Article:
[Libre-soc-dev] nmigen tutorials etc.

Andrey Miroshnikov andrey at technepisteme.xyz
Thu Oct 14 12:51:43 BST 2021

On 10/10/2021 21:38, Luke Kenneth Casson Leighton wrote:
>>> actually you can still get many of them by using archive.org
>> Great idea! I'll check to see what I replaced and find the equivalent
>> archive.org links.
> i think i did that for lambdaconcept tutorials already, somewhere.
> http://libre-soc.org/resources/ ?

Searched web.archive.org, could not find these as they were not backed 
up by the wayback machine:

It's probably not critical, as I did find similar equivalents.

>>> the alternatives - which i describe in detail here - are absolutely
>>> flat-out bat-s*** insane.
>>> https://libre-soc.org/3d_gpu/architecture/dynamic_simd/
>> Gave it a read. Now I finally have an idea of what PartionedSignal is
>> meant to do. With a signal example it made much more sense.
> you see why it's completely bast-hit sinane to try to do a batch
> if elif-elif-elif-elif cases in the actual ALU?
> imagine you have 600 lines of ALU code (something really complex).
> now duplicate that 4 times.
> or, worse, try to do explicit gate-level optimisation, where in the
> ALU you explictly design-in the low-level SIMD "partitions" > actually right there, in the ALU.
> By using PartionedSignal in the ALU, aren't you going to get HDL with 
those partitions built-in? Or is the plan to have a configuration 
parameter for synthesising either normal, or SIMD-partitioned version?

>> Parallel bit groups that can be operated on separately, or combined
>> together if no partitions are enabled.
> yes.  now it turns out (and it was Jacob who came up with this
> concept, first) that you can do tricks for e.g. "add" by having
> partition bits actually *in* the underlying add: a 64-bit add becomes
> a 64+7 bit add, and you use carry roll-over to get it to *look*
> like they're "real" partitions.

What do you need 7 bits for? I'm guessing you only need perhaps 3 bits 
if you want 8 partitions, so are the others for carry?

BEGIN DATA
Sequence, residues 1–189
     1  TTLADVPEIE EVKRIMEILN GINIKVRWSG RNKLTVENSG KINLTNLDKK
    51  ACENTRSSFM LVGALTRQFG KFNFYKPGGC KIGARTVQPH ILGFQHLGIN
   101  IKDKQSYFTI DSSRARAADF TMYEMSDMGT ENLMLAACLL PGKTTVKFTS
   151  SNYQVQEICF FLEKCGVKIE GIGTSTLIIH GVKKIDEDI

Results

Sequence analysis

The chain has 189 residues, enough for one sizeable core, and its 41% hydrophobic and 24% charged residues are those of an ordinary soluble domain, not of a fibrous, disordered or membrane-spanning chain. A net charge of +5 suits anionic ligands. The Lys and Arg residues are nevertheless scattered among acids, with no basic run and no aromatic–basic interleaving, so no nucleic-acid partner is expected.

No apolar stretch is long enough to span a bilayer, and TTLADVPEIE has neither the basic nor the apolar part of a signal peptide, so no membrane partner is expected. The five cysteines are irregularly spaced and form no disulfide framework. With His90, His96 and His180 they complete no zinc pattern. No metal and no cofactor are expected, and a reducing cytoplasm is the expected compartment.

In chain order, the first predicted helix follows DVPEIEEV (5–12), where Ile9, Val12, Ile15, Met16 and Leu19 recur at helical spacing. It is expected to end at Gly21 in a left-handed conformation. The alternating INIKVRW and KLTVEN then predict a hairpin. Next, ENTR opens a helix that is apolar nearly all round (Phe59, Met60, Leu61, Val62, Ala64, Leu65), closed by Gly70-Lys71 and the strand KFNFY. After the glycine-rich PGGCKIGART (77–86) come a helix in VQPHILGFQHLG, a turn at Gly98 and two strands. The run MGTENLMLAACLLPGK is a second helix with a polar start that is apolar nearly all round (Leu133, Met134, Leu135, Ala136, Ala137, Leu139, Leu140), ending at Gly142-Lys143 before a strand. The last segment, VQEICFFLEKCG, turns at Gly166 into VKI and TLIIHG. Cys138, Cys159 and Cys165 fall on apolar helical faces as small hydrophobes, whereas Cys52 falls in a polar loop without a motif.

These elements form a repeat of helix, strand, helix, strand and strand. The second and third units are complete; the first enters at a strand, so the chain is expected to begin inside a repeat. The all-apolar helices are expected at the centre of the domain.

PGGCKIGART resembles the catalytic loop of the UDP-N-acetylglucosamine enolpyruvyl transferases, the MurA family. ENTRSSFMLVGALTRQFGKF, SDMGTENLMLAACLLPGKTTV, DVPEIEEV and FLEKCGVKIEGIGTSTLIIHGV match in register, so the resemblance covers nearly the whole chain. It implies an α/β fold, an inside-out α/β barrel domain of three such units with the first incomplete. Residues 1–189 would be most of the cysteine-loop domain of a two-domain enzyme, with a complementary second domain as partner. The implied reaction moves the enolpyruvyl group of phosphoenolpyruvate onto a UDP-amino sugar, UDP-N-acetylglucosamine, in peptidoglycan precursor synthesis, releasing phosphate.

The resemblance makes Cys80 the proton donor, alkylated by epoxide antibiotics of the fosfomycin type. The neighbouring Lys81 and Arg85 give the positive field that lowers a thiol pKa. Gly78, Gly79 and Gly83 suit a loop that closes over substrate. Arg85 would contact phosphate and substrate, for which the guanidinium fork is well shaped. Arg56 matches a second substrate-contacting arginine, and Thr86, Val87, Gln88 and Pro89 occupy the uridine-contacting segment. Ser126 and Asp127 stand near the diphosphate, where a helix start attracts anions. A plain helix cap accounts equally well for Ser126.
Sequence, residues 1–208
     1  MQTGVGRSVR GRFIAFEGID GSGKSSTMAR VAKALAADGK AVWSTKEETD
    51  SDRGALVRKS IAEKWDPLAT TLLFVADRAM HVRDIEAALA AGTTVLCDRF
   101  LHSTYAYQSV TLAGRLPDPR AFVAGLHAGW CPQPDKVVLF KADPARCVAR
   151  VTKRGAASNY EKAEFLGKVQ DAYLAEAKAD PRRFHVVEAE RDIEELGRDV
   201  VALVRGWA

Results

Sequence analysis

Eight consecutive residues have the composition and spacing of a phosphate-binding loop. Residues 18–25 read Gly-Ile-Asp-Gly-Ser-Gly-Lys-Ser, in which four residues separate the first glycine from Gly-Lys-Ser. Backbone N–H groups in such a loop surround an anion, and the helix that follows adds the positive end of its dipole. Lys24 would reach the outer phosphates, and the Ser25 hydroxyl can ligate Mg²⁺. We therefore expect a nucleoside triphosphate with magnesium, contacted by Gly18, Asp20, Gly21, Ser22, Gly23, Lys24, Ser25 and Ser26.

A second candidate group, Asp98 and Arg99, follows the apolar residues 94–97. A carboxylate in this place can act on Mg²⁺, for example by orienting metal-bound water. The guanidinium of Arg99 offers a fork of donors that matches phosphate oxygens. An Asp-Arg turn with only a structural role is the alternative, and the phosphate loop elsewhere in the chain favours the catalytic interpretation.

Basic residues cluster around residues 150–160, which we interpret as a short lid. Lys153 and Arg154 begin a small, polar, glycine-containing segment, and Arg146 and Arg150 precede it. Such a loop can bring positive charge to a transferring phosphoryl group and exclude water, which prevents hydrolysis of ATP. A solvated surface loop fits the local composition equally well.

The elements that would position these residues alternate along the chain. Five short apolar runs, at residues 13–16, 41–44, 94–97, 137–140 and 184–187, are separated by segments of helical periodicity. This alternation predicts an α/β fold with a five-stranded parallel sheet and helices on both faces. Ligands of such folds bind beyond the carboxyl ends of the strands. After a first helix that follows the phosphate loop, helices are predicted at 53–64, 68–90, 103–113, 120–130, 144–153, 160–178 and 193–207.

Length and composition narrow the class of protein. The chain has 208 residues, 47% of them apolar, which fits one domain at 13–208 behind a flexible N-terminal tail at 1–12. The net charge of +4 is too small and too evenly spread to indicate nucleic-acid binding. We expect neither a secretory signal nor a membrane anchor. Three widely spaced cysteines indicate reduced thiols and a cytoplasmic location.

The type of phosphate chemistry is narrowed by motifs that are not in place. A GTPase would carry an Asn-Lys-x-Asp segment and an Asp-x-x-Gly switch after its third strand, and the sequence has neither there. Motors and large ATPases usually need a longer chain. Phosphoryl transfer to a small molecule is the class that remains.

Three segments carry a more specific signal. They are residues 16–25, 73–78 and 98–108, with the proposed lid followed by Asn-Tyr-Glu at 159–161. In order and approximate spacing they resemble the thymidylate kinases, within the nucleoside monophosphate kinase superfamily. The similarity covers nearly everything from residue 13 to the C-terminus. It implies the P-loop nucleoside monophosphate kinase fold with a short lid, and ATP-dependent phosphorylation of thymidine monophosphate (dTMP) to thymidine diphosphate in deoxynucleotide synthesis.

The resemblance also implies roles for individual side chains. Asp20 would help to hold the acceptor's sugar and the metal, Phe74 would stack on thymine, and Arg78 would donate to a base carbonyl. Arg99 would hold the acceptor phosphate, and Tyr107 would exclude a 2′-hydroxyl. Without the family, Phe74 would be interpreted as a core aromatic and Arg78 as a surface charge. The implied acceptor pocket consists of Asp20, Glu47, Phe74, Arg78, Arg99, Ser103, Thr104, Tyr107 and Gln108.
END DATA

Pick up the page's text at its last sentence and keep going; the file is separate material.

>>> https://git.libre-soc.org/?p=openpower-isa.git;a=blob;f=src/openpower/decoder/power_decoder.py;hb=HEAD
>> Had a brief look at the code, nMigen did start pretty far down, most of
>> the start is data structure setup.
> ridiculous, isn't it? 99% of it is python.  you actually have to look
> *really hard*
> to find actual nmigen AST.
> if this were a "normal" industry-standard project, the ISA decoder would
> have been written out explicitly "by hand", wouldn't it?
> in the actual "language" of the project, yeh?
> like this:
> https://github.com/antonblanchard/microwatt/blob/master/decode1.vhdl
Ah yes, don't you like all of those repeated entries? Doing that by hand 
(even with copy-paste) sounds like great fun...

> i went, "oo that looks like a CSV file, let's *make* it a CSV file and
> then it can be machine-read elsewhere"
Sounds like a sane thing to do. I think data re-organisation in general 
seems to be difficult for a lot of disciplines, apart from software 
engineers. For example, instead of seeing that ISA decoder as a table 
that could be manipulated in whichever way, seeing it only as a VHDL 
constant array.

> i cannot count the number of Dilbert cartoons i've read on this theme...
> Comedy is the best way to pass along the truth eh?

> with the SIMD thing we'll reaaaallly have to do a walk-through of the
> resultant HDL because it risks expanding out of control.
Are we able to reuse the formal verification done at python level for 
the synthesised SOC?

> i remember someone doing operator-overloads in c++ (pointers,
> casts), and wondering why their code wasn't running very fast,
> and a more senior engineer taking them through it in a debugger,
> single-stepping down the chain of overloads, dozens of levels...
> Ah, someone OOP'd too hard? Hahaha

>> C++ still terrifies me a little. Almost like Javascript and Java, C++'s
>> abstract concepts have almost nothing to do with C, and with each
>> release they seem to pile up more and more.
> sigh. i loved c++ when it was Bjarne Strousup's 2nd Edition book.
A Tour of C++, Second Edition? I'll put that on my reading list.

> the templating libraries have gotten waaay out of hand since then.
>> Didn't the first C++
>> compilers take a really long time before they became viable?
> my first exposure to c++ was i think borland's compiler.  1992.
So much history in computing, so little time...

>> Do you mean add the mail archive link to the tutorial page?
> yes.  usually we do a "links" section bullet-points at the top.

>>   > and one about the reason why to use "show top"
>> And as for "show top" do you want an explanation ("block diagram is
>> useful for visualising the internal architecture and compare with
>> code...etc.")?
> if *you* think it would be helpful - to you - and to others - then yes.
Added. Realised only after watching your recent OpenPOWER course video 
that you can select the hierarchy to view with "show".

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